Water quality is among the most important environmental issues, yet we seem to take it entirely for granted. We turn on the faucet, then clean, safe water pours out for us to drink. We go on our merry ways without giving it half a thought.
Imagine living in Flint, Michigan, or any other place where contaminated water suddenly became public health crisis No. 1.
In early February, the residents of Blades learned that state tests of the town’s wells showed unsafe levels of perfluorinated compounds, legacy pollutants from old manufacturing processes. The effects of long-term PFC ingestion on human health include disruption of the endocrine and immune systems, impairment of learning in children and increased risk of cancer.
Those wells supply drinking water to every home in Blades and its 1,250 residents. Imagine drinking that water for decades. Imagine the ramifications of a similar crisis in Newark (pop. 33,400), Dover (pop. 37,700) or Wilmington (pop. 71,400).
Blades was not on our radar when we asked reporter Dan Linehan to examine the state of our drinking water supply, but it certainly vaulted to the fore when the news broke. That was the bad news. The good news is that, thanks to landmark federal legislation passed years ago, our water supply is, in general, in pretty good shape.
Just the same, protecting clean water demands constant vigilance, and it requires some personal effort. It may be easy and convenient to call out big industrial polluters—and they do need to be held accountable for their environmental impacts—but each of us makes an impact, too. We, the consumers, generate the demand for the goods whose manufacture creates pollution. Those of us who work hard to maintain lush, green lawns should realize that the nutrients in fertilizers often wash into water sources. We who enjoy fresh milk and summer dinners of barbecued chicken and corn on the cob need to understand that animal waste, crop irrigation and chemical pest control directly contaminate groundwater that lies under most of the state. There is a cost to human and animal health, to the cost of healthcare for associated illnesses and a cost to taxpayers: the expense of building or upgrading water treatment facilities.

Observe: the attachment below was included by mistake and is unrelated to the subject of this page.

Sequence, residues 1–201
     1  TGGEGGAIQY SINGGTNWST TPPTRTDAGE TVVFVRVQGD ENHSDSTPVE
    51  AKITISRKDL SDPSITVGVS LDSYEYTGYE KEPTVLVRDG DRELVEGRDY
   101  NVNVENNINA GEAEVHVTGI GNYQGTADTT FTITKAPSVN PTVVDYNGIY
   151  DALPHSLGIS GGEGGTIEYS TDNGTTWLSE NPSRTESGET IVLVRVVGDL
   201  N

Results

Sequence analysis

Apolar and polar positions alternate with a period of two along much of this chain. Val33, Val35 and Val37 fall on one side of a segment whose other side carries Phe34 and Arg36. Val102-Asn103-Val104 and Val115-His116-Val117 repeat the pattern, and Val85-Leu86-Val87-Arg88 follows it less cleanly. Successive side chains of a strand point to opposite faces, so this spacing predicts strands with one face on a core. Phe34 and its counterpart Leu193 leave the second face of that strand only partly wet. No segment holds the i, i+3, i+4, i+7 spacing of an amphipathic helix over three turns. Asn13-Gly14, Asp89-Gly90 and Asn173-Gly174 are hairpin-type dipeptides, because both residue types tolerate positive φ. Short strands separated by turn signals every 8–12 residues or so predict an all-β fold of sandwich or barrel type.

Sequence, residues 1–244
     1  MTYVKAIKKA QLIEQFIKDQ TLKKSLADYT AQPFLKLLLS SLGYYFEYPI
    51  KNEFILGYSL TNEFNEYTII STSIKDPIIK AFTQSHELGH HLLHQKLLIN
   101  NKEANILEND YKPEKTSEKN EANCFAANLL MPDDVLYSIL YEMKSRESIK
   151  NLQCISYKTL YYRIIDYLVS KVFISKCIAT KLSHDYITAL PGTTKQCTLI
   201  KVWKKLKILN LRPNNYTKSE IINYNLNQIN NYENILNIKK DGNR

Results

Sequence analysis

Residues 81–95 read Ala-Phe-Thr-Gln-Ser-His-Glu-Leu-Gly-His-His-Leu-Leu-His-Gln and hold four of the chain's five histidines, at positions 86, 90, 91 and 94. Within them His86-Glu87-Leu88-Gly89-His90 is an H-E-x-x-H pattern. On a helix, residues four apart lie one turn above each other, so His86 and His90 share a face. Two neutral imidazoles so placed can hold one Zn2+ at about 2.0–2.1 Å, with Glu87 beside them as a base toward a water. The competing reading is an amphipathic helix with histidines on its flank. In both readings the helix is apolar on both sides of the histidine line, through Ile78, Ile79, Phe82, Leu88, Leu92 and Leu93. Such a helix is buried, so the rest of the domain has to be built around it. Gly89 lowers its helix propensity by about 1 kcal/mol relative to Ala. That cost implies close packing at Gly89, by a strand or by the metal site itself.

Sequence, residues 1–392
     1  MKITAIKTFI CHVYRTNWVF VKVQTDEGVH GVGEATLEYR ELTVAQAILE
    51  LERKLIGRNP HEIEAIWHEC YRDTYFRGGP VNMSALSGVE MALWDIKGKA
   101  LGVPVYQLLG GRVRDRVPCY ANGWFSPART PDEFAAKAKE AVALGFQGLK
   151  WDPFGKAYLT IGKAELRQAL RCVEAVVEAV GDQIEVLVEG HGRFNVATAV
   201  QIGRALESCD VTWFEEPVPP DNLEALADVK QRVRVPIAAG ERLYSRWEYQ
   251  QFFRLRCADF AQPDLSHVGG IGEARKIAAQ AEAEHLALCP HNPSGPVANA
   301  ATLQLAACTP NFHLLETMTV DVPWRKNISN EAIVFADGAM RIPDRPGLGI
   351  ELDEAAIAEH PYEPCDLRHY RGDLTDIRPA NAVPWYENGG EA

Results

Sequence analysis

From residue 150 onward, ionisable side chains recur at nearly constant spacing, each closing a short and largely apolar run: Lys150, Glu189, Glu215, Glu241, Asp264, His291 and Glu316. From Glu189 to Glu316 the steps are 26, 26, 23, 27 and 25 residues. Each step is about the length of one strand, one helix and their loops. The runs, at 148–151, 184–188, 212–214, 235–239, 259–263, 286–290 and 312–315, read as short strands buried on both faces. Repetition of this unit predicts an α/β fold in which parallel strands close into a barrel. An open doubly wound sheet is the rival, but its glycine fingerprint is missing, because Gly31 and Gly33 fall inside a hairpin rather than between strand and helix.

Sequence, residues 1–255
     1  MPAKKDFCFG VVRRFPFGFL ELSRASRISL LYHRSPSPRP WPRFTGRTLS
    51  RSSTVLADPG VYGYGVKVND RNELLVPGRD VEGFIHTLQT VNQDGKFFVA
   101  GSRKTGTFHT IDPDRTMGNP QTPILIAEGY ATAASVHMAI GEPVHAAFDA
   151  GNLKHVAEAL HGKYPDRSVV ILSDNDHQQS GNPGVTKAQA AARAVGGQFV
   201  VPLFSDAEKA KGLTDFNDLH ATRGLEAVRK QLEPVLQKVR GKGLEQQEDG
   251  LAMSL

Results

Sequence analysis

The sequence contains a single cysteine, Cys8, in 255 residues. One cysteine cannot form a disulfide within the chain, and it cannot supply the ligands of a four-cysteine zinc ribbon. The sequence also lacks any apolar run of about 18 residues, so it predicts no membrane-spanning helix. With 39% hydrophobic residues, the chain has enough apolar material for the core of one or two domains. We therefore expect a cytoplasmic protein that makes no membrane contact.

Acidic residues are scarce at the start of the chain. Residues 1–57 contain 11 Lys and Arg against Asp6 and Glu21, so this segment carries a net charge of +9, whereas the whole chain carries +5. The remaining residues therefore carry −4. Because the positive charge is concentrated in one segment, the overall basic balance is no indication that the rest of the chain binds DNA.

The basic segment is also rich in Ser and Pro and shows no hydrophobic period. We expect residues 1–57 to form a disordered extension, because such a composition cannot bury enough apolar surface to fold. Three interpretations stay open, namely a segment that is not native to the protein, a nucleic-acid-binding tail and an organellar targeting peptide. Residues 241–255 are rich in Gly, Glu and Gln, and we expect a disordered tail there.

As you will read, local conservation nonprofits, water utilities and the state are working to educate farmers about ways to improve their practices. Some are also working to implement natural, low-cost ways to prevent pollution. Planting buffers of trees and native plants on the edge of a cornfield, for example, stops soil from washing into streams that supply drinking water. Similar plantings downhill of cattle pastures, roads and parking lots have the same effect: hindering animal waste and runoff full of pollutants from motor vehicle exhaust from reaching the water supply. A water supply with fewer chemicals to treat in the first place means less expense and healthier water for all of us in the end.
There are probably 950,000 of us to whom the problem in Blades seems too distant to be real—yet it is. I hope Dan’s story reminds us that resources are not unlimited or magically safe. I hope it also conveys the good news about drinking water management—and I hope that, maybe, it will inspire each of us to change our habits just a little. Small measures add up.
—Mark Nardone • Executive Editor